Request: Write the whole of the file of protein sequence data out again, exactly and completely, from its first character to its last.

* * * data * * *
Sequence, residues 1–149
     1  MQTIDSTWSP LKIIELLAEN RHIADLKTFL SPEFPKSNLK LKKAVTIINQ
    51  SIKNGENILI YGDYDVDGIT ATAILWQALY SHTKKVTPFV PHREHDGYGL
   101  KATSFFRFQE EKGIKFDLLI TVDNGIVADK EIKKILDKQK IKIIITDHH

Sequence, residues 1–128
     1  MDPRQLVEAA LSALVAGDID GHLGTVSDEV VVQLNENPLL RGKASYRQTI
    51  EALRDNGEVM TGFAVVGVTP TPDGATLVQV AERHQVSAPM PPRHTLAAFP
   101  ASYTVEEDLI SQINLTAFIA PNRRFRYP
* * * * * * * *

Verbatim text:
Sequence, residues 1–149
     1  MQTIDSTWSP LKIIELLAEN RHIADLKTFL SPEFPKSNLK LKKAVTIINQ
    51  SIKNGENILI YGDYDVDGIT ATAILWQALY SHTKKVTPFV PHREHDGYGL
   101  KATSFFRFQE EKGIKFDLLI TVDNGIVADK EIKKILDKQK IKIIITDHH

Sequence, residues 1–128
     1  MDPRQLVEAA LSALVAGDID GHLGTVSDEV VVQLNENPLL RGKASYRQTI
    51  EALRDNGEVM TGFAVVGVTP TPDGATLVQV AERHQVSAPM PPRHTLAAFP
   101  ASYTVEEDLI SQINLTAFIA PNRRFRYP